Survival of the cutest

Hot young magician David Blaine gets all the love while the best tricksters get hardly any.

Published May 5, 1999 4:00PM (EDT)

While I was hanging around the New York Museum of Modern Art sculpture garden the other night, I noticed
a group of about a dozen young black and Hispanic nightclub kids from Queens,
carrying notebooks. They looked like the types you'd normally see leaning on
airbrushed trucks and saying, "Ssssssssssss" at girls in tight pants or menacing stoplights with their bowel-shuddering,
mega-bass "trunk of funk." They were stumpy cologne-and-gold-necklace guys with that bad,
whitewall-sided bowl hairdo that gives the effect of a bald guy wearing an
oily yarmulke. Their women were tough Latina Jheri-curl chicks who could
swat you to death while applying their thick black lipliner.

They were bluffing and fronting next to Rodin's sculpture of Balzac,
holding what looked like a press conference. One of the guys was sitting on
a garden chair with his arms folded rap-style over his nipples as he addressed the group. Another guy,
with reflective sunglasses, baseball hat and long coat, was acting as
bodyguard-manager. The rest were listening intently and
taking notes.

I snuck up and eavesdropped as they dragged their show over to a Picasso sculpture. The garden chair guy was pontificating, pointing at the piece: "And I created dis one to represent certain changes I been goin' through
in my life."

A Cleopatra Jones girl with a big afro and long zipper boots raised her
hand. "I'd like to know what you made this sculpture out of, sir."

"Uh," said the "artist," scrunching up his face, staring at the piece, stroking his
invisible beard. "Coppah pipe."

His crowd erupted into applause.

While they were enjoying their little performance, it was obvious that they
couldn't care less who actually created the sculptures. The objects were dead
for them; they meant less than a sports trophy or a good plumbing job, which
brings me to my big sermon of late: In today's media-centric world, it
doesn't matter who originated the Thing (whatever it may be), or who spent
their lives building and perfecting the Thing. All most people want to know
about the Thing is this: Who's that bad-ass guy in
the leather coat and sunglasses, leaning against it?

This principle is working for Puffy Combs, who has built a career out of the skeletons of other people's music, and now it's working for
David Blaine, the tattooed guy in the black leather and sunglasses, leaning
against the statue of Houdini.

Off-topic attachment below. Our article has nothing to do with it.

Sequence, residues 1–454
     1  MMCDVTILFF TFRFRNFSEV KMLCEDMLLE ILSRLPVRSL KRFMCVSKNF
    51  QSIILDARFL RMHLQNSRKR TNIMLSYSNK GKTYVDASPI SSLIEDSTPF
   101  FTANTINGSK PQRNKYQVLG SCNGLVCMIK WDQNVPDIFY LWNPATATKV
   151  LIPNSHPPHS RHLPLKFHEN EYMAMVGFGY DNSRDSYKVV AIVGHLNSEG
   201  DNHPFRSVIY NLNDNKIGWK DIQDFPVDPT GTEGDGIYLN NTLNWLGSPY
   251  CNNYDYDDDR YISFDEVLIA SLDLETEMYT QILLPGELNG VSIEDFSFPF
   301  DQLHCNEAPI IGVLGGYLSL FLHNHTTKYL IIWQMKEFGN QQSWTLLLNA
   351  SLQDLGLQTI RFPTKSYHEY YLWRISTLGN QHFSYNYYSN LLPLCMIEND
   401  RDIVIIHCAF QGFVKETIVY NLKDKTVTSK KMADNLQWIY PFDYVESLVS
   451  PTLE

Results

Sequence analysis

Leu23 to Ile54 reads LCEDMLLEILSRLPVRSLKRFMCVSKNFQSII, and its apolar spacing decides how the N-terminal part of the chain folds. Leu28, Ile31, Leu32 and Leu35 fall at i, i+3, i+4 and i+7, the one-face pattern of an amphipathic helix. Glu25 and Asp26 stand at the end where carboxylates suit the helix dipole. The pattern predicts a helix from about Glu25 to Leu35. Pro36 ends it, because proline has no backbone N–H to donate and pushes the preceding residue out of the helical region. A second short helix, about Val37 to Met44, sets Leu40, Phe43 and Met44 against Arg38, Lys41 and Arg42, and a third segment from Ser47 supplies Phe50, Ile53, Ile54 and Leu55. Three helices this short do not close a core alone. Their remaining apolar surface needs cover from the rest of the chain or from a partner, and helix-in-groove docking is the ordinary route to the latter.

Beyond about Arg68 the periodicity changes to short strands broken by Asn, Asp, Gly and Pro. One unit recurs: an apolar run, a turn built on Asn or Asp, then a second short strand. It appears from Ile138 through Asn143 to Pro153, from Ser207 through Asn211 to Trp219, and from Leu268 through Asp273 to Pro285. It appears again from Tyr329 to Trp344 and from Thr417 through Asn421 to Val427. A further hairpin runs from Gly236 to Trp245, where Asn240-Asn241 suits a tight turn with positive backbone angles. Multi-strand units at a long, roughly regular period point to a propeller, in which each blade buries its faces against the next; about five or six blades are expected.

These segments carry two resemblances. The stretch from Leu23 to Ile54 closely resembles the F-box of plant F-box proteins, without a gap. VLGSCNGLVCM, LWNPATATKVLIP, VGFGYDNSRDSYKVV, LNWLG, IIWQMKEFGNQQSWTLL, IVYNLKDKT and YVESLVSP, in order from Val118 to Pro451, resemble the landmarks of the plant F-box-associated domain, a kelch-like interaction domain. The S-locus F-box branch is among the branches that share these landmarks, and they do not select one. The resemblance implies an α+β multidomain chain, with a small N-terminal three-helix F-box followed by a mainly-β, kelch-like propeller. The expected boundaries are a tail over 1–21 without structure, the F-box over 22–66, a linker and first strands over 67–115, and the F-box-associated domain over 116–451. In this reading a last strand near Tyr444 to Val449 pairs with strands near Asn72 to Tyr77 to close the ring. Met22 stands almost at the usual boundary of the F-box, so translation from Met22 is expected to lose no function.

Hot Young Magician David Blaine is supposedly seducing America by storm
with his sanpaku stare-down, thug-life shave-job, streetwise
posturing and celebrity dating record. He is best known for recently getting
the Nederlander organization and Donald Trump to pitch in upwards of $200,000 so he could inter himself in a see-through coffin in front of Trump's building for a
week, reclining in what his press material called a "self-induced
trance-like state." This was "not a publicity stunt," Blaine insisted,
although it happened to occur in the week before "Magic Man," his TV
special, aired, and 85,000 people just happened to walk by and watch him
doing this very expensive test of personal endurance.

"Can it be done? Will he die?" asked the press release of this
non-publicity stunt. Blaine's premise was to pick up where Houdini left off,
Houdini having once entertained the idea of burying himself alive. I have a
funny feeling that by "buried alive" Houdini didn't mean in a transparent
jewelry box at Trump Place, but I'm confounded by
anyone who would want to further the continuum of weird spiritual murkiness
left us by Houdini in the first place. There has always been something grimy
about magic. Even at its very best, it is a long con. Magic is based on
tricks and secrecy, so traditionally, only pathetic, lonely people ever
want to lie that much to get attention. Magicians are historically a
sorry-assed lot, who keep company with flame-retardant midgets and

Recently, sex has become an inextricable and unfortunately necessary part of marketing
the magician mystique. Seigfried and Roy started it, even though their sex
life seems to consist of coaxing rhinestone tigers in and out of each others'
parachute pants. David Copperfield carried the torch, although his sexuality has